bias. As a cumulative consequence, minority bias becomes even stronger in
Question 4: Do additional efforts to establish contact or convert reluctant
respondents result in less minority bias?
No. From our analyses, more efforts to reach and recruit respondents using the
same survey routines lead to including more respondents of the same type. Longer
contact chains and attempts to convert reluctant respondents result in (even) more
minority bias, rather than less.
Question 5: Are more experienced interviewers more capable of reducing
No. In the current Swiss survey landscape, interviewer learning processes and
incentive structures seem to produce a cumulative advantage in favour of
respondents from the national majority. More experience appears to help
interviewers to recruit (even) more majority respondents and, in all likelihood, to
develop economically rewarding strategies to focus their efforts on “easy”
respondents. It therefore results in more rather than less minority bias.
Question 6: Do common weighting procedures result in statistical estimates
free of minority bias?
No. In Switzerland, a common procedure consists in adjusting survey data for
the cumulative share of all foreigners, merged into a single statistical category. This
results in the overrepresentation of minorities from close and economically
prosperous European sending countries, while the remaining minority communities
are still largely underrepresented. As a plausible consequence, weighted statistical
estimates remain largely conservative – and difficult to interpret – indicators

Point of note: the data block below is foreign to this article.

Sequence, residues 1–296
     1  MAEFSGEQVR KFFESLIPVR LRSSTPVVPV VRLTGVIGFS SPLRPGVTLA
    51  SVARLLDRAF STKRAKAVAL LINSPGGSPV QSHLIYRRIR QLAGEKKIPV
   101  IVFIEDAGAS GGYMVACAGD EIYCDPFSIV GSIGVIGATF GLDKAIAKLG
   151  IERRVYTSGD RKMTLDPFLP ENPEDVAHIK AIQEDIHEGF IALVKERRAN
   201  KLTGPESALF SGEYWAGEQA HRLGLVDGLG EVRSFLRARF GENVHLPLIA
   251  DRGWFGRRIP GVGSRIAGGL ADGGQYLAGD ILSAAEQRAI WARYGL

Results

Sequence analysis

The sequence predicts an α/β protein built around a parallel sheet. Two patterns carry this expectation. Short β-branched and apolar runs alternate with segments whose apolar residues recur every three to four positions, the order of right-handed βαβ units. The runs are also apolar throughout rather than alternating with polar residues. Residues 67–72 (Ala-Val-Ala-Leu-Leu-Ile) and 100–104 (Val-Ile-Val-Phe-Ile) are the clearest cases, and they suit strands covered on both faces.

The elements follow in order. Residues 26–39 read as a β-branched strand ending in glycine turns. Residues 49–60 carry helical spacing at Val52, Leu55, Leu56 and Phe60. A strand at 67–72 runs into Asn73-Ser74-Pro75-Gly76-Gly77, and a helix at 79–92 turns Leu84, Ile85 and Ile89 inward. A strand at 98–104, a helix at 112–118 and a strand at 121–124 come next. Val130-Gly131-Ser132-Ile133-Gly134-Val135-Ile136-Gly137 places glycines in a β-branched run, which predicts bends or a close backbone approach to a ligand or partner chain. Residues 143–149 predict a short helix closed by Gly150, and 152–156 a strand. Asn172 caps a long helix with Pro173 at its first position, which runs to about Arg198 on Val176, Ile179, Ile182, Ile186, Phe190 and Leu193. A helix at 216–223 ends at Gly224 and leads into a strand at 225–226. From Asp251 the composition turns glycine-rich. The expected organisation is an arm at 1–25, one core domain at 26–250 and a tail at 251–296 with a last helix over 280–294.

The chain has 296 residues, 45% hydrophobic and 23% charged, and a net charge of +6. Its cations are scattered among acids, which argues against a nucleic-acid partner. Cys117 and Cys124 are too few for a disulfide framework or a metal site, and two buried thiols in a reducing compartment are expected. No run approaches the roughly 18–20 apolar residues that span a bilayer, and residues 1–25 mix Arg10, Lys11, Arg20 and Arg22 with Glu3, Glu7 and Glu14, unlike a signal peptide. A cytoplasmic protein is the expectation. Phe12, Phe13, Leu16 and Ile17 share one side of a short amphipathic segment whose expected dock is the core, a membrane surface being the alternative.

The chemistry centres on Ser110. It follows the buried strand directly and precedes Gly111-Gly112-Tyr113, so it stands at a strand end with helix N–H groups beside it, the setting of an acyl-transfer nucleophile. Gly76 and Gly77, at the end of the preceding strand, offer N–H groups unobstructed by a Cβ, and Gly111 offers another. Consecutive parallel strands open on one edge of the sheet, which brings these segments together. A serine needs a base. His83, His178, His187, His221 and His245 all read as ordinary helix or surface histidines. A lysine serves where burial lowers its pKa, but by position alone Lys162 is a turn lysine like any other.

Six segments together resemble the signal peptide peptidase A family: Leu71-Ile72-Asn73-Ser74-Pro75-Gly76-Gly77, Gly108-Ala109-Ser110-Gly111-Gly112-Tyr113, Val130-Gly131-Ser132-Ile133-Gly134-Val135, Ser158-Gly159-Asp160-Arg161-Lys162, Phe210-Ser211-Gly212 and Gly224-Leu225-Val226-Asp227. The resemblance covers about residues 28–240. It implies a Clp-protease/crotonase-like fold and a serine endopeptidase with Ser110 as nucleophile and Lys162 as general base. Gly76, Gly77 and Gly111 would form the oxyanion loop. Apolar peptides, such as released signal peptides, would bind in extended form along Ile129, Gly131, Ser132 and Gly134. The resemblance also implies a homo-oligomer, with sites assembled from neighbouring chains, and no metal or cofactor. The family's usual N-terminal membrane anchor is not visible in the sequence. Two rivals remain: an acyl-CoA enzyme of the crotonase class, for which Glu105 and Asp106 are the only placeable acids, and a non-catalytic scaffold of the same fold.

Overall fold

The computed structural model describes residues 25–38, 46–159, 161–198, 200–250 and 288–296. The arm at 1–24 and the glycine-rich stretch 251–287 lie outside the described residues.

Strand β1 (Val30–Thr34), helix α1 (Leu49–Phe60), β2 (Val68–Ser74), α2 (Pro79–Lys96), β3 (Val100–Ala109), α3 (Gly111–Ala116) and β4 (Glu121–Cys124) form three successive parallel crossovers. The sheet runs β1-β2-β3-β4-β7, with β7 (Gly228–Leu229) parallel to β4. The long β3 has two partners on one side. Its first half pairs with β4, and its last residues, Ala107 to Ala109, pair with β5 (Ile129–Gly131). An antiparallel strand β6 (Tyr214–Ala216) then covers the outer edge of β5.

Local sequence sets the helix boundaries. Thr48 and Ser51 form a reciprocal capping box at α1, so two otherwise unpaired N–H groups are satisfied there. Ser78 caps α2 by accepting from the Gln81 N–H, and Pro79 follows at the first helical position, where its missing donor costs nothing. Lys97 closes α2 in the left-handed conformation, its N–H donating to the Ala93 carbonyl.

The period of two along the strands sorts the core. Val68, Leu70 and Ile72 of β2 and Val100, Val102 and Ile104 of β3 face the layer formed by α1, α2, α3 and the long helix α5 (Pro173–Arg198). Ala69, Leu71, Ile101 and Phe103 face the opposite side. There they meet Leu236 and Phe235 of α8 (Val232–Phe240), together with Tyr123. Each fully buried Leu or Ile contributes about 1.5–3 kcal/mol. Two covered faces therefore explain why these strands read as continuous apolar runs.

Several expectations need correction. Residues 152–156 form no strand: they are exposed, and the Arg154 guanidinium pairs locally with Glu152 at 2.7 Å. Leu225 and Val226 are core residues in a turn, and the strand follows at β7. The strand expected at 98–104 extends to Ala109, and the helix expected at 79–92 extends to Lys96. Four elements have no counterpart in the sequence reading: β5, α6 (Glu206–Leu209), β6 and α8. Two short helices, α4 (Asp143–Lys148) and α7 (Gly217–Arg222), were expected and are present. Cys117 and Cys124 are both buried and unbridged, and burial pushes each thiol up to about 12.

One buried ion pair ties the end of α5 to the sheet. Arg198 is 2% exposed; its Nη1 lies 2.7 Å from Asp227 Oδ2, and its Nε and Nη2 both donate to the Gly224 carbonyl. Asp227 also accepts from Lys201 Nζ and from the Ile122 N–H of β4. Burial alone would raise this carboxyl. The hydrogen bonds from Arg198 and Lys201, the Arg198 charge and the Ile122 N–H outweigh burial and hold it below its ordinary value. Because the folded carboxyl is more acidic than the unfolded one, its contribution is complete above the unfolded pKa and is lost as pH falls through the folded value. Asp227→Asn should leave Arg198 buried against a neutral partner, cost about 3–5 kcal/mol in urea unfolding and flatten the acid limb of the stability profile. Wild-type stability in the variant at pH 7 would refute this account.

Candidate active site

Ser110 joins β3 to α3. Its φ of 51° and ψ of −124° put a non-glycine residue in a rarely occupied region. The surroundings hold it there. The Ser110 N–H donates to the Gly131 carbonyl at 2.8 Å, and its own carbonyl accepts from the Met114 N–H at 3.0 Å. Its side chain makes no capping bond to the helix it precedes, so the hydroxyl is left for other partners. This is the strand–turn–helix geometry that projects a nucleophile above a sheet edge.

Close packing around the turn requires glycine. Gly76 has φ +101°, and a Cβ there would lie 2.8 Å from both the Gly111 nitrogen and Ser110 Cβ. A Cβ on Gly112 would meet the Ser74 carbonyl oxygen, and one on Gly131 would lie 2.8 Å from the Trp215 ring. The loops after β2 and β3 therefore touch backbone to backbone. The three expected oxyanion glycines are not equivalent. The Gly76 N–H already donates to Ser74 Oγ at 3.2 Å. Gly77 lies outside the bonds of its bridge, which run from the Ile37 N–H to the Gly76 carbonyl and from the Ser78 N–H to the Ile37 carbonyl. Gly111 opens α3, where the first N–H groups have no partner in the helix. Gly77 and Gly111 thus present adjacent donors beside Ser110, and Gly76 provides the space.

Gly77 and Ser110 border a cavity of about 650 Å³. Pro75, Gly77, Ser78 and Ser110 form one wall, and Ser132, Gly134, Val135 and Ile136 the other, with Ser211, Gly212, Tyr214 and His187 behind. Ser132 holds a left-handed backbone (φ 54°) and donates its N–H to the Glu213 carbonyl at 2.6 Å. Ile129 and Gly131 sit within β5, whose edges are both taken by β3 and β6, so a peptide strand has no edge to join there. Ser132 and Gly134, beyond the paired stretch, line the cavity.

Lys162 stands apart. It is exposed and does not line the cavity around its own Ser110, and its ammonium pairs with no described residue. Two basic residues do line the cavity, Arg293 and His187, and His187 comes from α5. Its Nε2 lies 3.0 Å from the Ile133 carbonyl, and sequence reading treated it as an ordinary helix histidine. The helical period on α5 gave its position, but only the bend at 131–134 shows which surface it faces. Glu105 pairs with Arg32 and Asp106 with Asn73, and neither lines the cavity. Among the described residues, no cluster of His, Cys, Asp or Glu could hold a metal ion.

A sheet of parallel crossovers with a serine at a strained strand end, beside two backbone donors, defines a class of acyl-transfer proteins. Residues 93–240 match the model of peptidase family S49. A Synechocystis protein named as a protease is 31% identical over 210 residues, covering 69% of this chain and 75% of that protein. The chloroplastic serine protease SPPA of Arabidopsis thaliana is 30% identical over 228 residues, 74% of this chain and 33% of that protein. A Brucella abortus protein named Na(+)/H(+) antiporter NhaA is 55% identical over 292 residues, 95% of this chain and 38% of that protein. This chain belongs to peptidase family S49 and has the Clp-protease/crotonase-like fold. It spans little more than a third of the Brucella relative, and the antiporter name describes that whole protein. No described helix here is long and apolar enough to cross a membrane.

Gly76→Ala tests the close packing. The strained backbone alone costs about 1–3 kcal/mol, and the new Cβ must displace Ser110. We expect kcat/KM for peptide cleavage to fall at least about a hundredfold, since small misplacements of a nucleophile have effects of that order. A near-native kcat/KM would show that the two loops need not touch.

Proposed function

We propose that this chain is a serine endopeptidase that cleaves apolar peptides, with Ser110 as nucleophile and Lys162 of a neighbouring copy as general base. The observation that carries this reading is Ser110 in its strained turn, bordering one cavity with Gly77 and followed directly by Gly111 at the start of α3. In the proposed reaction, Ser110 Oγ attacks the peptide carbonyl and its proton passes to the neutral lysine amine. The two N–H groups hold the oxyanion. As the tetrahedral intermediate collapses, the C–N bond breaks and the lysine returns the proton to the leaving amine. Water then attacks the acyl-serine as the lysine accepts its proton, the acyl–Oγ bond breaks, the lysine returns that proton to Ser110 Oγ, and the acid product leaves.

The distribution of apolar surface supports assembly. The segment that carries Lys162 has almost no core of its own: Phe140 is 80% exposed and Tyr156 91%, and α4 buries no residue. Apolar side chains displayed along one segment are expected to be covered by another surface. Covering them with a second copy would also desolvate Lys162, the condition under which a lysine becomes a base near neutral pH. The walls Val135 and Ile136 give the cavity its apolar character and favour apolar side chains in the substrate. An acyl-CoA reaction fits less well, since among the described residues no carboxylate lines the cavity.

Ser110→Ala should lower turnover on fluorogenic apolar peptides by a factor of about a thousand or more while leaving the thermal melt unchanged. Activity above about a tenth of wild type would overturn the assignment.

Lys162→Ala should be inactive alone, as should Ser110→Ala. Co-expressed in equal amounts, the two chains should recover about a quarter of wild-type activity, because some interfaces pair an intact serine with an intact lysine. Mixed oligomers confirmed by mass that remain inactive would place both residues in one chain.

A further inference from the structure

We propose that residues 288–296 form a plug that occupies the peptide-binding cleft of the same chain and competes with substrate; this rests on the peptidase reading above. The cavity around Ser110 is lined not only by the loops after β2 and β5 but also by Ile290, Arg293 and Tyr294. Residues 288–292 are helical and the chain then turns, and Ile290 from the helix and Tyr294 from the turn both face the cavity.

regarding the situation of vulnerable populations.
Question 7: Does the correction of bias between national categories, by way
of stratified sampling, also affect bias within national categories (either positively
Probably not, but it might depend on the overall survey context. The larger
part of the evidence suggests that sampling with national strata is neutral with regard
to bias within national minority groups. But in combination with more survey
languages, it might even have positive effects on the representation of socially
disadvantaged groups within national categories. We still need more evidence on
possible desirable spill-over effects, but it is safe to dismiss counter-productive side
Question 8: Do additional survey languages help to recruit members from
minority groups, in particular among the socially disadvantaged?
Yes, but only to a limited extent. It seems that as long as first contacts are still
conducted in national languages, this might remain a critical obstacle to enhancing
the representation of minority communities overall, and of the socially disadvantaged
within these communities, in a more consequential way.
Question 9: Do more survey languages help to keep (socially disadvantaged)
members from minority groups in the sample of longitudinal studies?
Yes. Once minority respondents have been included in a panel study, they are
as likely as majority respondents to remain in, provided that they can be interviewed
in their own language. This is true for socially disadvantaged as well as for other